BBDO Proximity: Big-data May 2013

  • Published on
    29-Aug-2014

  • View
    1.188

  • Download
    1

Embed Size (px)

DESCRIPTION

 

Transcript

  • 1BIGDATAMay 2013CRMS PROMISED LAND
  • 22WhyBigData?Organizations are facing bigger and bigger challenges when itcomes to collecting and using data. Companies can access largeamounts of information, but do not know how to interpret it toobtain results that provide added value for their businesses orcustomers. Often this is due to the raw availability of the data andits lack of structure, or the lack of the technological infrastructureand knowledge needed to make use of it. But all of this ischanging, thanks to what has come to be known as Big Data.
  • 3The best way to start the conversationabout Big Data is to define it. Its name isperhaps confusing and not quite apt, sinceit implies that existing data is small, orthat we simply have a lot more data. Thereality is, the term Big Data is applied toinformation that cannot be analyzed withtraditional tools or processes.Big Data has three fundamentalcharacteristics: it involves managing alarge volume of information, processingthe data quickly or in real time, andintegrating a large variety of informationsources that may be able to drawconclusions from data connections thatare not apparent from the start.
  • 4A recent study discovered that a largeamount of todays business leaders areaware that they do not have accessto all of the insights that would helpthem improve decision-making in theircompanies. The companies, in turn, arefacing increasing challenges in a timein which data is being generated likenever before and in which they have thecapacity to store this information. Thisrepresents a great opportunity for thesecompanies to equip themselves with real-time knowledge that can truly help themunderstand and adapt to individualsand their needs, and make decisionsaccordingly.It may seem paradoxical, but while itis possible for todays businesses toaccess information that can potentiallybe decisive for their core strategies, theircapacity to process, filter and analyzeincreasing quantities of information isdecreasing. The data which couldrepresent a truly golden opportunity just continues to pile up. This is whereBig Data comes in as a key player for thebusiness.1 https://www.ibm.com/developerworks/mydeveloperworks/blogs/SusanVisser/entry/fashbook_understanding_big_data_analytics_for_enterprise_class_hadoop_and_streaming_data?lang=en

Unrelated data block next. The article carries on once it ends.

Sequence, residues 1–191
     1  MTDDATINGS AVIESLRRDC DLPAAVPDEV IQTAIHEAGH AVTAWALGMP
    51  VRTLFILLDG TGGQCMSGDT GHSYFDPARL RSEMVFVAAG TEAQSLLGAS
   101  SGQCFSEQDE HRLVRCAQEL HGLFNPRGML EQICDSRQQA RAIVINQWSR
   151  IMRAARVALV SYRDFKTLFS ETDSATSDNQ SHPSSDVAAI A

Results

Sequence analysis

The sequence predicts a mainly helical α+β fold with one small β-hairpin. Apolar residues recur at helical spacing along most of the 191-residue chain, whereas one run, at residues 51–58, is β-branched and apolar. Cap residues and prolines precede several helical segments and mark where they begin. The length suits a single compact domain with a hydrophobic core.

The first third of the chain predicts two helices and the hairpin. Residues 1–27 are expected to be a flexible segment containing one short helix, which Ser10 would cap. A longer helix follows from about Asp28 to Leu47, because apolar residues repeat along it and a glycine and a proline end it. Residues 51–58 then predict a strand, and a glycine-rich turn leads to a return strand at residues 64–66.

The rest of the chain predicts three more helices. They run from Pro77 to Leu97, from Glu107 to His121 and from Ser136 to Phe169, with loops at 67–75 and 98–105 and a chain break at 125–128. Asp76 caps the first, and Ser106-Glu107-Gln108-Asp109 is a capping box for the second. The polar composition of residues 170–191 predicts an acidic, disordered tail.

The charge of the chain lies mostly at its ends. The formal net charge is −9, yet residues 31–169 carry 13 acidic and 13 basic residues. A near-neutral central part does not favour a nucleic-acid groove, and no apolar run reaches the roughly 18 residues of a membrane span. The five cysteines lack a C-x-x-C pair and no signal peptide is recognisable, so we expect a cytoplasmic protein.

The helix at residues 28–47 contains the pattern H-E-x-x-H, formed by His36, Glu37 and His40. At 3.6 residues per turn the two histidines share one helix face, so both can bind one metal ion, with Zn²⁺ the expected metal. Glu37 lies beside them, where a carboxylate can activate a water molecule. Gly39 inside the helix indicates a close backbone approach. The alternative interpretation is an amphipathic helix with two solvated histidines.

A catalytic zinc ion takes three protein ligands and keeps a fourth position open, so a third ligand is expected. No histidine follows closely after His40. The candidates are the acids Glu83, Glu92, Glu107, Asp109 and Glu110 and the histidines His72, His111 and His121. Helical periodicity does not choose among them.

• 552,0001,7501,5001,2501,00075050025002005DATA OVERLOADAVAILABLE, STORED INFORMATION WORLDWIDEEXABYTESSOURCE: IDC2006 2007 2008 2009 2010 2011INFORMATIONCREATEDFORECASTAVAILABLESTORAGE
  • 6$5 billion in Big Data software, hardware,and services$50 billion estimated for 2017$1.1 billion revenue for IBM comes fromBig Data70% of data storage is in North Americaand Europe60% potential increase in the operatingmargin for the retail sector$10 billion potential health-related marketfor Big Data in 2020180,000 Big Data experts will be neededover the next 5 years in the USA2,470 venture capital fund investments inBig Data companies in the USA in 20111 billion gigabytes of data on the Internet40% annual growth worldwideBig Datain Figures2012 MARKETGROWTH FORECASTSLEADING COMPANYGEOGRAPHYRETAILERSHEALTHDEMAND FOR LABORINVESTMENT FINDSINTERNET DATADATA GENERATION